The Black Prince – Prose Poem – SunWinks! February 22, 2015: Waxing Prosaic

Who is The Black Prince?

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There he stands haughty, resplendent in his shiny blackness, black as tar, black as night, with a touch of white, just to soften his stern image, a sign of his noble lineage that stern image.

Oh, those piercing lemon yellow eyes of his, oh God, help me and protect me! If this be a look of love or hate, of pride and vanity, or of desire and dominance, I’ll gladly be his slave: such is his black brooding beauty, resist it I cannot! “Here, take this small gift.”… What? He hesitates… Why this doubtful look? Why this change of mood? It’s not in his character to be timid…or is there a timid streak?

“Wait a minute, stay, don’t go”, I implore. “Look, I’m as gentle as a doe.”…Then he slowly moves closer and picks it up swiftly with his big black beak.

© irina dimitric 2012

Doug, this poem was written for Len’s Sunday Writing Essential, 19 September 2012.

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SunWinks! March 1, 2015: Abstract Poetry: The Medium is the Message.


Poets, this week Doug Westberg invites you to go wild!

Originally posted on SunWinks!:

Dear SunWinkers!

This is a lightly reworked reissue of my September, 2012 column for on the topic of Abstract and Cubist Poetry. I also urge you to read our recent SunWinks! columns on Edith Sitwell and Intrinsic Rhythm and Cubism as these three columns all encourage you to sharpen your sense of the sound, rhythm, and structure of your writing by putting aside considerations of meaning.

* * *

SunWinksLogoWell, we’re all done with modern poetry. I’ve exhausted every conceivable topic, every possible technique. There’s nothing left to talk about. Just go back through my previous columns and you’ll know everything there is to know about writing modern poetry.

Did I have you going for a second?

The fact is, there is no end to the invention, the creativity, and the variety of modern poetry and approaches to modern poetry. Think of how many stylistic genres and…

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My Poem Has Been Published

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Dear Fellow Bloggers,

My poem “The First Kiss In The 1950s” has been published on Narrator International. Some of you might remember this poem, but if you have time and wish to support me there, please click on the link below. It will be much appreciated.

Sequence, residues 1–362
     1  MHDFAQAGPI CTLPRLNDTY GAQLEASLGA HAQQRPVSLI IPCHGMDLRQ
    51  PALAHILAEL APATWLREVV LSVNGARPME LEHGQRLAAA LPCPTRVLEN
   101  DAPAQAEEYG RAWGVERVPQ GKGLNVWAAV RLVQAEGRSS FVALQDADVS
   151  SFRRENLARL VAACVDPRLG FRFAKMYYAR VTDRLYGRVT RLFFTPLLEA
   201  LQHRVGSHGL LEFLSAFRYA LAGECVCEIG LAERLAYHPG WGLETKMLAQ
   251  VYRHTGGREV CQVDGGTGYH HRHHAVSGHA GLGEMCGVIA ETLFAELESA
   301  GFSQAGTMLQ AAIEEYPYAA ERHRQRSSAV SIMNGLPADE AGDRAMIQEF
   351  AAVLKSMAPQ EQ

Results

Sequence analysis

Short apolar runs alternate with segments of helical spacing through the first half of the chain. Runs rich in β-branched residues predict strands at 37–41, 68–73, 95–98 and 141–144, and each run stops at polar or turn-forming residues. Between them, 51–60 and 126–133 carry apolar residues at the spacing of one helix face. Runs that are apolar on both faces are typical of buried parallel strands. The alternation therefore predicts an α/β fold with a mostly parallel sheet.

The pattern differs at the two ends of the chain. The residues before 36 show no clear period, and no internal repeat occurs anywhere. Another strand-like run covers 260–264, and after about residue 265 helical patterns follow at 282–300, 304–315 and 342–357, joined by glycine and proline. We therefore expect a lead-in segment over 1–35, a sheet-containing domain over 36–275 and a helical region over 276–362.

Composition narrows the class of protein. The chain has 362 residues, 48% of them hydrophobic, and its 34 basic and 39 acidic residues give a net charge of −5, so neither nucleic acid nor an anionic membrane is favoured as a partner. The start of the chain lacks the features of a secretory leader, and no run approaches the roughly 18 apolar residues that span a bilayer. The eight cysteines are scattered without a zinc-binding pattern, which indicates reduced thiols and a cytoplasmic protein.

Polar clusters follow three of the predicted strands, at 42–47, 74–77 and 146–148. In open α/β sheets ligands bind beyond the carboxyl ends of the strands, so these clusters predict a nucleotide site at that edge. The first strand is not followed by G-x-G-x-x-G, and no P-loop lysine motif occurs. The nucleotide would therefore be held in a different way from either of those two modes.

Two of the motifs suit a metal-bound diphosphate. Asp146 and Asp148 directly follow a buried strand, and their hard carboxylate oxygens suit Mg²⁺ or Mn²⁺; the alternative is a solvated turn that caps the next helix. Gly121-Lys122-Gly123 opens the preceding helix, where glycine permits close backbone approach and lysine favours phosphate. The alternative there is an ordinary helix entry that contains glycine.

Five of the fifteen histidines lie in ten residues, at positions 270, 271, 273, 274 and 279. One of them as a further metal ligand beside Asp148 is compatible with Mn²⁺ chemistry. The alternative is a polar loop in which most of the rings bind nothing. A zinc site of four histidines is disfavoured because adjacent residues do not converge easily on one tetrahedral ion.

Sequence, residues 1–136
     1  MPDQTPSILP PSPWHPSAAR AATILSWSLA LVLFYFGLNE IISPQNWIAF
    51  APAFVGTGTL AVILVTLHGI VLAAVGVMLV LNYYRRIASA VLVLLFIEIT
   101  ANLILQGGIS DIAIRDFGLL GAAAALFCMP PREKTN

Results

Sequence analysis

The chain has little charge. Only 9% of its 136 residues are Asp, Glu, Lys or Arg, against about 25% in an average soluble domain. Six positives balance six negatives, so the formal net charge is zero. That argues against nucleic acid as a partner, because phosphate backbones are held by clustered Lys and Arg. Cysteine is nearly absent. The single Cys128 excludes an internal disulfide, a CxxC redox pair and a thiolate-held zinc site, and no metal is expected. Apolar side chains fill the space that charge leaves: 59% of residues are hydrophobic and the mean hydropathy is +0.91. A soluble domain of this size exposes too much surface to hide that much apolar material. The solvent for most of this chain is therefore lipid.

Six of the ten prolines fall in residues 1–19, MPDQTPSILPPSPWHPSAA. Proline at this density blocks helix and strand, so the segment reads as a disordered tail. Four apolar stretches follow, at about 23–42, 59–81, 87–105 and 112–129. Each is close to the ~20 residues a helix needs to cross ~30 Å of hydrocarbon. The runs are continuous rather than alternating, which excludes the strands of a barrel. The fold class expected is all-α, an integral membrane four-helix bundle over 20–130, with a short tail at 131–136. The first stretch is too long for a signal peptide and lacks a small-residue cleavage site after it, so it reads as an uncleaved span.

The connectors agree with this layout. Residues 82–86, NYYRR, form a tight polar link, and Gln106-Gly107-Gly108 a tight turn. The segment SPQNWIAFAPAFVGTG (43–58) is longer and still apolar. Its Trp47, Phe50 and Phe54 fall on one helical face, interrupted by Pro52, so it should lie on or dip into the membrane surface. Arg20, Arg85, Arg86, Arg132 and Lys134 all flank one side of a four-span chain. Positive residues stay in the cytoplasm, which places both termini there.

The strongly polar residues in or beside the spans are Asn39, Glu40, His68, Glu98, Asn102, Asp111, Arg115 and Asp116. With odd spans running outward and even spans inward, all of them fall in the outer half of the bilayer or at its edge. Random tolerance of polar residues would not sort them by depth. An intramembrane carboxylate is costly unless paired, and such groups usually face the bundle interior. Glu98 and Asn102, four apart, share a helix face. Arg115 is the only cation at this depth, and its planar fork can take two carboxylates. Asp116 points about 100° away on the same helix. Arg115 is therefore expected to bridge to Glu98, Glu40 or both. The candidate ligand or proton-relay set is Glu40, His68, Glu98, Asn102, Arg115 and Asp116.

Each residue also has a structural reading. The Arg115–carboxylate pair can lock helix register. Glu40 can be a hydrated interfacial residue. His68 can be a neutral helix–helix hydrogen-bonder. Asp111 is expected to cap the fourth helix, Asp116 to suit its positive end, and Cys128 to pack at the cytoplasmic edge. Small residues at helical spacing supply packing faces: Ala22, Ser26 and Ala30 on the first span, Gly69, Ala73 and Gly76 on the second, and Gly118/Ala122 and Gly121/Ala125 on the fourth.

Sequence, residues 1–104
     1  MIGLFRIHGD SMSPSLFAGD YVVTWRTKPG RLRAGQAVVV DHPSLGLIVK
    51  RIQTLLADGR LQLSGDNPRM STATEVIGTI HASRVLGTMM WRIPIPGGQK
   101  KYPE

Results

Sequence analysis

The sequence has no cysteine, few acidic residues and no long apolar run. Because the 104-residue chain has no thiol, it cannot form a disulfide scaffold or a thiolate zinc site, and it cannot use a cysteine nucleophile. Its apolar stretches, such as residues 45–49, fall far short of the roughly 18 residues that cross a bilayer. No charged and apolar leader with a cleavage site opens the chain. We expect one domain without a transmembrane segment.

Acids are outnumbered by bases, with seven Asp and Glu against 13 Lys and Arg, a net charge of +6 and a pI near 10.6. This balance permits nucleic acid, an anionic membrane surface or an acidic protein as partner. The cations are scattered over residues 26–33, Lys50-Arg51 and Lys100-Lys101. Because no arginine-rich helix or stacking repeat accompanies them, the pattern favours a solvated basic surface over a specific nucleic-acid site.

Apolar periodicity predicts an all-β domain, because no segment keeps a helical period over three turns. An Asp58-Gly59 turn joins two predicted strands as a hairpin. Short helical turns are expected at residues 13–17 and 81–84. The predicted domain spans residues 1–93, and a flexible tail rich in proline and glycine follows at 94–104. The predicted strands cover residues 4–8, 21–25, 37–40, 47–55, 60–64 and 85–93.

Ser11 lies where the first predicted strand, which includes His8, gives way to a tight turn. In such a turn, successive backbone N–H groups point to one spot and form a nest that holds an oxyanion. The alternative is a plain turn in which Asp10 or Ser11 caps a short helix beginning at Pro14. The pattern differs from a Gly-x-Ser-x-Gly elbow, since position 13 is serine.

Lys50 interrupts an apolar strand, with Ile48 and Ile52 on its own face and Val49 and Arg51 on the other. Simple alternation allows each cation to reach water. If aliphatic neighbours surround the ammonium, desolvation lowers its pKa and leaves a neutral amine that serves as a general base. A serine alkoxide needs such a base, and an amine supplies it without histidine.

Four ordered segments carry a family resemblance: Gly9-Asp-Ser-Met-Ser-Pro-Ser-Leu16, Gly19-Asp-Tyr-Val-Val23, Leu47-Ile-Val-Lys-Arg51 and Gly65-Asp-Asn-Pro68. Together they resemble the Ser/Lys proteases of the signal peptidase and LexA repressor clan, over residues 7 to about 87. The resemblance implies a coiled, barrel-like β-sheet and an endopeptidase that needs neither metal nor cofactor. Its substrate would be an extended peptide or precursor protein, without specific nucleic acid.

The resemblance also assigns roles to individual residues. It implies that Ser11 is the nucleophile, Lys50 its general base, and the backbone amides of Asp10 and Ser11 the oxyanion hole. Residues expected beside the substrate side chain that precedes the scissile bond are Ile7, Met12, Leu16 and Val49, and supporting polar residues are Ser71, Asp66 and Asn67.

Make sure to take there with you the blue colour of the sea. When I submitted the poem, I didn’t know that you could also submit a photo. I think this is really great news for all writers and poets who like to enhance their post with a photo.

“We have a new author joining us this Saturday afternoon, with a fantastic suggestion for how to spend a Saturday evening, in The First Kiss In The 1950s by Irina Dimitric.”…/

You can also connect with Narrator International on Facebook:

Have a lovely Sunday and a great week ahead!

Cheers :) Irina

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SunWinks! February 22, 2015: Waxing Prosaic


What a marvellous tutorial! Poets, come along, compose a Prose Poem!

Originally posted on SunWinks!:

SunWinksLogoDear SunWinkers:

In recent weeks, we’ve been backing and filling on topics in the area of the sound and sonority of the language, including a couple ideas, neologism and tumbling verse, which we hope encouraged you to think about sonority and rhythm in new ways. Another way of sharpening your acuity on such considerations is to deprive yourself of the benefit of line breaks. When you do that, you end up with a

Prose Poem

Seemingly a contradiction in terms, the phrase may refer to

  1. a passage, usually short, of non-discursive* prose, the poetic quality of which is self-evident, or to
  2. a long work, which, although printed as prose, because of the prominence of the rhythms, the rich connotations of the language, the scope and significance of the whole, can properly be called a poem.**

Babette Deutsch, Poetry Handbook: A Dictionary of Terms[NY, NY: HarperResource 2002 reprint].

*i.e. not…

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Book Spotlight: Dreams On My Pillow by Irina Dimitric


What an honour to be spotlighted by the very talented writer and poet Christy Birmingham! Thank you, Christy, from the bottom of my heart. :)